London- Jason Rezaian, The Washington Post’s former bureau chief in Tehran who was imprisoned in Iran for 544 days, filed a federal lawsuit Monday against the Iranian government, accusing it of hostage-taking, torture and terrorism. Rezaian was held hostage during the nuclear negotiations, which spurred tense relations with the United States.
The lawsuit, filed in federal court in Washington, contained many previously undisclosed details of Mr. Rezaian’s struggles forced by the Iranian penal system. Mr.Rezaian’s experience with the Iranian security crackdowns showcases sever brutality resulting in a drastic 50-pound weight loss, thoughts of suicide and threats by his captors to dismember him and his wife, and throw him off a cliff.
The suit, which also lists his family as plaintiffs, essentially accused the Iranian authorities of having used Mr. Rezaian as leverage in the nuclear negotiations because they regarded him as a high-value prisoner who could be swapped for something they wanted.
It is at least the second federal lawsuit against Iran filed by Americans who were released by the Tehran government when the nuclear agreement took effect in January. The pact eased some sanctions on Iran in exchange for reduced nuclear activities.
Amir Hekmati, a Marine veteran whose incarceration of more than four years made him the longest-serving prisoner to be freed, filed a similar lawsuit in Washington against Iran last May.
“The Iranian Government targeted and arrested Jason Rezaian, subjected him to torture and other cruel treatment, and held him hostage for the unlawful purpose of extorting concessions from the U.S. Government and others,” the lawsuit by Mr. Rezaian asserted.
There was no immediate comment from the Iranian government to the lawsuit, which did not specify a monetary amount in damages sought. Iranian officials have repeatedly denounced what they regard as illicit court actions in the United States to seize Iranian assets to satisfy legal claims.
Mr. Rezaian, a Californian of Iranian descent, was arrested along with his Iranian wife, Yeganeh Salehi, on July 22, 2014, in their home in Tehran, on vaguely defined charges of espionage that were never proved. She was released after 72 days but ordered not to speak about the case.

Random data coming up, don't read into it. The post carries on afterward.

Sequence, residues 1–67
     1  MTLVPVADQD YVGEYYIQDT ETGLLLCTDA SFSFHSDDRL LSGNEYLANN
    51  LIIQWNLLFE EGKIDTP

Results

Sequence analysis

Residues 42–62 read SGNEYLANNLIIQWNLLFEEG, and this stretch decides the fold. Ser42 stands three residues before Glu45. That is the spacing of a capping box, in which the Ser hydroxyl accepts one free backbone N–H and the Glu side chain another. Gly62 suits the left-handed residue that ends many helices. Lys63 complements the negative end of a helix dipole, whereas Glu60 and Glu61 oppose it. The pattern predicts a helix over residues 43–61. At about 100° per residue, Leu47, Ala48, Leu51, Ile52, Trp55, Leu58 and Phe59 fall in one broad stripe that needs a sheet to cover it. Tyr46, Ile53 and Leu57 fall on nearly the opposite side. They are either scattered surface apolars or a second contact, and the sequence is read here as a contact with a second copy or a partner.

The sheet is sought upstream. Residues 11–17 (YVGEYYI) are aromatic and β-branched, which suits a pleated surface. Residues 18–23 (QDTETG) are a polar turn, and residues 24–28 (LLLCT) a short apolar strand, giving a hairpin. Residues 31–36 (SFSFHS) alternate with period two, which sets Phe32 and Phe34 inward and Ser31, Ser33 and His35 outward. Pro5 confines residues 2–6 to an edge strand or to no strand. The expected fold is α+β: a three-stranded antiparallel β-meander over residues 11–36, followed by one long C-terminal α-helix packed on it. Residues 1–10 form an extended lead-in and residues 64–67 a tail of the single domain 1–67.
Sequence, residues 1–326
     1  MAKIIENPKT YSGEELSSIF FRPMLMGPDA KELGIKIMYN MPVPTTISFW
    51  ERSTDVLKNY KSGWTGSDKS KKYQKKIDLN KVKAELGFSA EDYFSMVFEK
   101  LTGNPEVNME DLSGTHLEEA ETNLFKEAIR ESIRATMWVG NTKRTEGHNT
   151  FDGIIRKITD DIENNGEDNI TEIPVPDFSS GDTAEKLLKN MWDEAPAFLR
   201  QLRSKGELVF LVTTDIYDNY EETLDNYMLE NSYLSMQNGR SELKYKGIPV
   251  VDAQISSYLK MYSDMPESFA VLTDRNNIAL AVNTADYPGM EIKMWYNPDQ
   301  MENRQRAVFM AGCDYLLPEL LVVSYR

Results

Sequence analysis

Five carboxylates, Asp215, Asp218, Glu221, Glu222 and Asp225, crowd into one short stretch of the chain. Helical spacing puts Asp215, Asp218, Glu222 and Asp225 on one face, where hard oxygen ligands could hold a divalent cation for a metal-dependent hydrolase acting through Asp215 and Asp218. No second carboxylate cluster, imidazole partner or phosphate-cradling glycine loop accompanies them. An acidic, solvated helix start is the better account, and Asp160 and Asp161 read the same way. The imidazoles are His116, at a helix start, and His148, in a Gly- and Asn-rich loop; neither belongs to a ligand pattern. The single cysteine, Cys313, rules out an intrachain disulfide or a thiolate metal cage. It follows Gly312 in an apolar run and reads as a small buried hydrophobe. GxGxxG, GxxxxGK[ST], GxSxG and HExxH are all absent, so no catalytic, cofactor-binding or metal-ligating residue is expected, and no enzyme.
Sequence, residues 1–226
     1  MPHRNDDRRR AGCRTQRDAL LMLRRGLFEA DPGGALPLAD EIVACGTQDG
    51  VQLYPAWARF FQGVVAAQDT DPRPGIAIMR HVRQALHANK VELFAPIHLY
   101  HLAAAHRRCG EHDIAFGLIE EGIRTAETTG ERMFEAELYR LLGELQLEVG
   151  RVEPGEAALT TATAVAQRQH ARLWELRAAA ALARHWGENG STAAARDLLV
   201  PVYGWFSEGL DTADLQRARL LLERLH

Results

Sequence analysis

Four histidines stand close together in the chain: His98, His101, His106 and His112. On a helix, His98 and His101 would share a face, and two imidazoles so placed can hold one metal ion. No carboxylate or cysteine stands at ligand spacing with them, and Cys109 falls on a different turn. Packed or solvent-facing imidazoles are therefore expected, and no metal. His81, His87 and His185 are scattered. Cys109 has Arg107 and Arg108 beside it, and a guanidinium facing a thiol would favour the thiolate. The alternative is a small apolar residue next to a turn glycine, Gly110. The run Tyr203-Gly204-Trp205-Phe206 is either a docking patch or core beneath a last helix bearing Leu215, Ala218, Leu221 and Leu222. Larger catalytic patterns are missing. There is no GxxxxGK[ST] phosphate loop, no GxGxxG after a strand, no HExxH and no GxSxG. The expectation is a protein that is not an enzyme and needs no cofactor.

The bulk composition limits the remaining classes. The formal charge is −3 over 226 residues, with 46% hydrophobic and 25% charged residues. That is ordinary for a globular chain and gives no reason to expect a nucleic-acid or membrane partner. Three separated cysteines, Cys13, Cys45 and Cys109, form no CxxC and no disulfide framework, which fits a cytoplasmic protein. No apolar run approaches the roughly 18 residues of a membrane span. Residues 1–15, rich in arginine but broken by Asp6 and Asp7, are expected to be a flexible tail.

His trial was held in secret by an Iranian Revolutionary Court judge who has been placed on a European Union blacklist for rights abuses.
Mr. Rezaian spent practically all of his incarceration in Iran’s notorious Evin Prison, part of it in solitary confinement. He suffered high blood pressure and other untreated disorders, the lawsuit said, and was malnourished with prison food that “in some cases contained concrete, rocks, dirt or other foreign and inedible objects.”
While the United States repeatedly demanded the release of all Americans imprisoned in Iran during the nuclear talks, the prosecution of Mr. Rezaian became a cause for press-freedom advocates and others, including Muhammad Ali.
The lawsuit said Mr. Rezaian and his wife, along with his brother, Ali Rezaian, and mother, Mary Rezaian, had not only suffered the “deep and lasting psychological impacts of Iran’s crimes,” but that their livelihoods and futures had been upended.
“For 544 days, Jason suffered such physical mistreatment and severe psychological abuse in Evin Prison that he will never be the same, he will require specialized medical and other treatment for the rest of his life,” the lawsuit stated. “Yeganeh, Mary and Ali each suffered their own extreme psychological trauma.”
Mr. Rezaian and Ms. Salehi, who accompanied him to the United States when he was freed, “may never again see or spend time with many other family members, friends and colleagues in Iran,” the lawsuit said.
The Washington Post is not a party to the lawsuit, but its executive editor, Martin Baron, was outspoken in his criticism of Iran during Mr. Rezaian’s prosecution, calling it “Kafkaesque.”
Mr. Rezaian, 40, is on leave from The Washington Post and is currently a Nieman fellow at Harvard University. He was not immediately reachable for comment on the lawsuit.
His brother said in an email that there was no particular significance to the timing of the lawsuit and that “we’ve been working on it for some time.”